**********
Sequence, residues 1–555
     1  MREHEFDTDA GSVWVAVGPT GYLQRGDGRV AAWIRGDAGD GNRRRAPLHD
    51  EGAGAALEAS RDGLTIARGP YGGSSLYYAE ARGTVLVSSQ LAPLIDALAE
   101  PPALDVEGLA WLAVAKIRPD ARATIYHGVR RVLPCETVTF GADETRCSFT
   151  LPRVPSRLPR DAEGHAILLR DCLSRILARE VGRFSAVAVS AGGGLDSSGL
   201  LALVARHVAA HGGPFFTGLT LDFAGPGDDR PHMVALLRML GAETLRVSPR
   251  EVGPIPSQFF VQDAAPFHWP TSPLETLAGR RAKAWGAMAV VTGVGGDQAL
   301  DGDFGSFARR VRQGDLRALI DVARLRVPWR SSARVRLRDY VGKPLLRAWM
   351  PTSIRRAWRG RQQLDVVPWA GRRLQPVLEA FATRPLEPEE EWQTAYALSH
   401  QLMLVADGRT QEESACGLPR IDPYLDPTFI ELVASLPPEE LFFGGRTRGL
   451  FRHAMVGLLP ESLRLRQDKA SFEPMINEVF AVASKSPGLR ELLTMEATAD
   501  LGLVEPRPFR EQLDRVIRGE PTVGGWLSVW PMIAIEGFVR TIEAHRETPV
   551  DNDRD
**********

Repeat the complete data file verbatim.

Sequence, residues 1–555
     1  MREHEFDTDA GSVWVAVGPT GYLQRGDGRV AAWIRGDAGD GNRRRAPLHD
    51  EGAGAALEAS RDGLTIARGP YGGSSLYYAE ARGTVLVSSQ LAPLIDALAE
   101  PPALDVEGLA WLAVAKIRPD ARATIYHGVR RVLPCETVTF GADETRCSFT
   151  LPRVPSRLPR DAEGHAILLR DCLSRILARE VGRFSAVAVS AGGGLDSSGL
   201  LALVARHVAA HGGPFFTGLT LDFAGPGDDR PHMVALLRML GAETLRVSPR
   251  EVGPIPSQFF VQDAAPFHWP TSPLETLAGR RAKAWGAMAV VTGVGGDQAL
   301  DGDFGSFARR VRQGDLRALI DVARLRVPWR SSARVRLRDY VGKPLLRAWM
   351  PTSIRRAWRG RQQLDVVPWA GRRLQPVLEA FATRPLEPEE EWQTAYALSH
   401  QLMLVADGRT QEESACGLPR IDPYLDPTFI ELVASLPPEE LFFGGRTRGL
   451  FRHAMVGLLP ESLRLRQDKA SFEPMINEVF AVASKSPGLR ELLTMEATAD
   501  LGLVEPRPFR EQLDRVIRGE PTVGGWLSVW PMIAIEGFVR TIEAHRETPV
   551  DNDRD